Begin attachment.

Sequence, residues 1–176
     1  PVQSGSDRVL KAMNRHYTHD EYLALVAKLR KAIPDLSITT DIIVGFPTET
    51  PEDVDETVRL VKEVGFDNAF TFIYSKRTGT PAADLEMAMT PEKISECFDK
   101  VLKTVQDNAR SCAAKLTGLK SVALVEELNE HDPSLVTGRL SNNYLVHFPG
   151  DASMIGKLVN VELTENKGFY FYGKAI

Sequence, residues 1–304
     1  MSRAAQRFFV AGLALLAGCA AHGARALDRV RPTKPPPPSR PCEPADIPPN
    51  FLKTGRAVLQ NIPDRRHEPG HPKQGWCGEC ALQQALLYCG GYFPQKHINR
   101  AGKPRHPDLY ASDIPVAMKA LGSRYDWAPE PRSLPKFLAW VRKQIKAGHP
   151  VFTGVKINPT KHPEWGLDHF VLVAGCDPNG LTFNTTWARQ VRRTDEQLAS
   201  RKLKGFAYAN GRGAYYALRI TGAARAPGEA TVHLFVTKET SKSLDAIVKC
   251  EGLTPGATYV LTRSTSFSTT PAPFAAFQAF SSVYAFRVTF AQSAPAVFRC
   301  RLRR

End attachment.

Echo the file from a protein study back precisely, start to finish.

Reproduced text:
Sequence, residues 1–176
     1  PVQSGSDRVL KAMNRHYTHD EYLALVAKLR KAIPDLSITT DIIVGFPTET
    51  PEDVDETVRL VKEVGFDNAF TFIYSKRTGT PAADLEMAMT PEKISECFDK
   101  VLKTVQDNAR SCAAKLTGLK SVALVEELNE HDPSLVTGRL SNNYLVHFPG
   151  DASMIGKLVN VELTENKGFY FYGKAI

Sequence, residues 1–304
     1  MSRAAQRFFV AGLALLAGCA AHGARALDRV RPTKPPPPSR PCEPADIPPN
    51  FLKTGRAVLQ NIPDRRHEPG HPKQGWCGEC ALQQALLYCG GYFPQKHINR
   101  AGKPRHPDLY ASDIPVAMKA LGSRYDWAPE PRSLPKFLAW VRKQIKAGHP
   151  VFTGVKINPT KHPEWGLDHF VLVAGCDPNG LTFNTTWARQ VRRTDEQLAS
   201  RKLKGFAYAN GRGAYYALRI TGAARAPGEA TVHLFVTKET SKSLDAIVKC
   251  EGLTPGATYV LTRSTSFSTT PAPFAAFQAF SSVYAFRVTF AQSAPAVFRC
   301  RLRR